May 10, 2017 :: EMILY BARRETT
SOME INSIGHTS FROM THIS SESSION:
- Disembodied states and appropriate functioning.
- Space becomes rubbery: Expansion-contraction in the visual field.
- Review Shinzen's resources on guiding someone through the dying process.
Emily lives in Burlington, Vermont, with her husband, Terry. She’s a Buddhist in the Drikung Kagyu lineage, as well as a mindfulness meditation practitioner à la Shinzen Young’s Unified Mindfulness. She is also influenced by mystics from her Orthodox Christian roots and almost 15 years of self-study in comparative religion, philosophy, and psychology. She began meditating in 1999 in the Hesychast tradition because she wanted to be closer to God.
It worked! The meditation began to pray itself day and night. I felt held in God’s presence as I went about my workday. But I also felt more and more disconnected from people around me. I just wanted to be with God.
She considered becoming a monastic until she experienced hypocrisy during her explorations.
I cried out: “God, only you!” I felt a reply inside: “No! Everybody!” At the time, I was utterly devastated. Looking back now, I understand the joke.
What’s the joke? She has had experiential glimpses or tastes that God/Source is in all beings.
When I begin to feel creeping loneliness, anxiety, depression, drivenness, etc., I remind myself of the concept of interbeing. That goes only so far intellectually. Then I divide and conquer with Focus In.
Emily has studied with Shinzen for nine years, and has worked for him for the last six. Shinzen’s big picture perspective has been the key to unifying her explorations.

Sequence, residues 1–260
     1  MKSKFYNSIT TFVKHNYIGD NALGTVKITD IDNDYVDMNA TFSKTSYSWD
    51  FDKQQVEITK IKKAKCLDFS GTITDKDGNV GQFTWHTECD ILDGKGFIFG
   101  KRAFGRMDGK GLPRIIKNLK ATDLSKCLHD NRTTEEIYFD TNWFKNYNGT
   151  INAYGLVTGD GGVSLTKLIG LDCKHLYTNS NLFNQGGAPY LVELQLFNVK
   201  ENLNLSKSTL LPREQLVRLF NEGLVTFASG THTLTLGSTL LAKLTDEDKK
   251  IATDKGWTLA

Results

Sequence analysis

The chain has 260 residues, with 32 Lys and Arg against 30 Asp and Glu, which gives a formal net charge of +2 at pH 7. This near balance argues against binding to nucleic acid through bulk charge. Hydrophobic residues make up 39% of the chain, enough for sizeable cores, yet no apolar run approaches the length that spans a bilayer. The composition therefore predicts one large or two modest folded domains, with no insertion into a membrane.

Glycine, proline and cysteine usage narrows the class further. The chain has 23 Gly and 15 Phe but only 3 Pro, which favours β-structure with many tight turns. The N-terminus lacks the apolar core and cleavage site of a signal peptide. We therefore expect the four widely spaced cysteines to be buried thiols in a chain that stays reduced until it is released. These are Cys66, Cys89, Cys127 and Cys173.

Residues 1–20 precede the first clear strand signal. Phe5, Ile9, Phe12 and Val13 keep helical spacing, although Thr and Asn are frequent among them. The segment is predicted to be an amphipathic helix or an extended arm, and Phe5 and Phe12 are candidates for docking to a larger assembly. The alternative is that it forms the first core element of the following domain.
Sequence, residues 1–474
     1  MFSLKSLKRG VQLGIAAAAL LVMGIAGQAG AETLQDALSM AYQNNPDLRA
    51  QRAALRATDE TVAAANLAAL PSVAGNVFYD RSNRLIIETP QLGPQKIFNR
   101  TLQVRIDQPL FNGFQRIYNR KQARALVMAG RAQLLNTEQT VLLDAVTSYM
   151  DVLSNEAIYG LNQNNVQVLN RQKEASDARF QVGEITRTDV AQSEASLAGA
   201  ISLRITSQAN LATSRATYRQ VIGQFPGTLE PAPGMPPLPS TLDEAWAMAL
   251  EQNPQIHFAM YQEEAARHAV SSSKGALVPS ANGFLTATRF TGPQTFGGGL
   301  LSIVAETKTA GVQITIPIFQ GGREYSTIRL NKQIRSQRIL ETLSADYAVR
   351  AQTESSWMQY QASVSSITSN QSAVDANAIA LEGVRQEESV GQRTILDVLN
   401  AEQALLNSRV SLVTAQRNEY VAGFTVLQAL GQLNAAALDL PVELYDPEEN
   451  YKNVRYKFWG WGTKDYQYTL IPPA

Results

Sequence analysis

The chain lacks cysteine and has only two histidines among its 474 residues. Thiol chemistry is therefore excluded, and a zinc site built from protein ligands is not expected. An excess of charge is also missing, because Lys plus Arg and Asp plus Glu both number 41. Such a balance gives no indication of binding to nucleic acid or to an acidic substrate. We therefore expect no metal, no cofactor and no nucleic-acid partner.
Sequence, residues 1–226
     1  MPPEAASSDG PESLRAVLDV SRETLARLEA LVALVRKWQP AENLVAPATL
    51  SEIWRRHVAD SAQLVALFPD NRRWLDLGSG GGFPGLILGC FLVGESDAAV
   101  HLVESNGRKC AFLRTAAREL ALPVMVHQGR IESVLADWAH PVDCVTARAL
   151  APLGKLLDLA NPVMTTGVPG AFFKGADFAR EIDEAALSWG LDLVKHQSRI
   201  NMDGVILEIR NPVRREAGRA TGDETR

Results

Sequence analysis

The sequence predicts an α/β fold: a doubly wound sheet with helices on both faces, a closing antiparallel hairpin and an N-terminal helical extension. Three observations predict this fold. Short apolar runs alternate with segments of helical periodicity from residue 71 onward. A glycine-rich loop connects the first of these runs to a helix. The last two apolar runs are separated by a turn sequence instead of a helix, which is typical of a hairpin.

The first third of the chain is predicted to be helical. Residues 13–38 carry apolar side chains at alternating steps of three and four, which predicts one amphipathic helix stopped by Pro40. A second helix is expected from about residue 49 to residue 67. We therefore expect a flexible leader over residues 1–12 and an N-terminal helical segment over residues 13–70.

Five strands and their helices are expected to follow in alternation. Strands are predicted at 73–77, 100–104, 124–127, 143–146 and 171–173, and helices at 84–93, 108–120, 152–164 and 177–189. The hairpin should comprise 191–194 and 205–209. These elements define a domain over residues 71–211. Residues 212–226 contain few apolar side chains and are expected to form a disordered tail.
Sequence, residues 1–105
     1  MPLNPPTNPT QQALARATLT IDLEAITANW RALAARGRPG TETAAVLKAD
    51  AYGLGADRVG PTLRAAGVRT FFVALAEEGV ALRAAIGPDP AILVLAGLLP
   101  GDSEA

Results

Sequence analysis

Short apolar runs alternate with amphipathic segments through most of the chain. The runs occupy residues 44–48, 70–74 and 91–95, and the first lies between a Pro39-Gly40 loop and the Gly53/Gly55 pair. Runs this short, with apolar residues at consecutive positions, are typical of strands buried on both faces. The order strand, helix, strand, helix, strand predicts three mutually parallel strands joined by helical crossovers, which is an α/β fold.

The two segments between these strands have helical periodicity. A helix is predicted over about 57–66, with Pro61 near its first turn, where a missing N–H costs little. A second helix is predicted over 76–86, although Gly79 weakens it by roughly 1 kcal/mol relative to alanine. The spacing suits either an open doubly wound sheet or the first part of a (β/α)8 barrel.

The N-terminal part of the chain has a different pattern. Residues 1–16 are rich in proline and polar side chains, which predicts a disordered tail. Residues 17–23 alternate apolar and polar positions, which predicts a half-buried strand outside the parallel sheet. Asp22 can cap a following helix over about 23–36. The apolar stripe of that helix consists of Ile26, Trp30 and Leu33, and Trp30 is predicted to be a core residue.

Through the lens of Shinzen’s framework, I can break down the who, what, where, when, why, and how of most any religious, philosophical, educational, or psychological system or teaching. This is skillful means.
For instance, with deity yoga, when I’m visualizing Chenrezig, reciting om mani padme hung, and creating loving-kindness and compassion in my body and sending it out to others, I have clarity about why I’m doing what I’m doing and how it “works.”
Whenever I get a whiff of longing for mystical-schmystical transformation, I know I’m in the wrong frame of mind.
In addition to her meditation practices, other practical explorations have brought Emily to a stable, happy place. These include understanding the biological underpinnings of happiness related to food, exercise, chemicals, the importance of grounding in nature, and therapy.
Emily is also studying toward chaplaincy certification. She understands that everyone’s path is different, and she feels a great privilege to be a witness to others on their journeys.
Her favorite Unified Mindfulness technique is to cycle through Feel In, Hear Out, and Hear Good.